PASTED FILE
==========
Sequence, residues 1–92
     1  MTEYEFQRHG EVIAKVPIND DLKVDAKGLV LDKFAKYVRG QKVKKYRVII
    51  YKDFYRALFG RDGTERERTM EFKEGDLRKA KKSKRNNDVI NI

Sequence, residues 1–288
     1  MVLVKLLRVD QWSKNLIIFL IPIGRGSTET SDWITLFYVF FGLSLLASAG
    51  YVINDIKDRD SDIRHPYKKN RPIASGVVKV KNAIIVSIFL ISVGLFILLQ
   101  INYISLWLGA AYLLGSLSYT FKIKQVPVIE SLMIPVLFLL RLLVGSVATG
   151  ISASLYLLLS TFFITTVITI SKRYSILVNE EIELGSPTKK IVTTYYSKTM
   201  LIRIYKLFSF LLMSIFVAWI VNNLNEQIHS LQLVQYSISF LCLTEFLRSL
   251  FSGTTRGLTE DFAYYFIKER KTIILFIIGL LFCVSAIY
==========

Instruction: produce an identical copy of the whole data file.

Sequence, residues 1–92
     1  MTEYEFQRHG EVIAKVPIND DLKVDAKGLV LDKFAKYVRG QKVKKYRVII
    51  YKDFYRALFG RDGTERERTM EFKEGDLRKA KKSKRNNDVI NI

Sequence, residues 1–288
     1  MVLVKLLRVD QWSKNLIIFL IPIGRGSTET SDWITLFYVF FGLSLLASAG
    51  YVINDIKDRD SDIRHPYKKN RPIASGVVKV KNAIIVSIFL ISVGLFILLQ
   101  INYISLWLGA AYLLGSLSYT FKIKQVPVIE SLMIPVLFLL RLLVGSVATG
   151  ISASLYLLLS TFFITTVITI SKRYSILVNE EIELGSPTKK IVTTYYSKTM
   201  LIRIYKLFSF LLMSIFVAWI VNNLNEQIHS LQLVQYSISF LCLTEFLRSL
   251  FSGTTRGLTE DFAYYFIKER KTIILFIIGL LFCVSAIY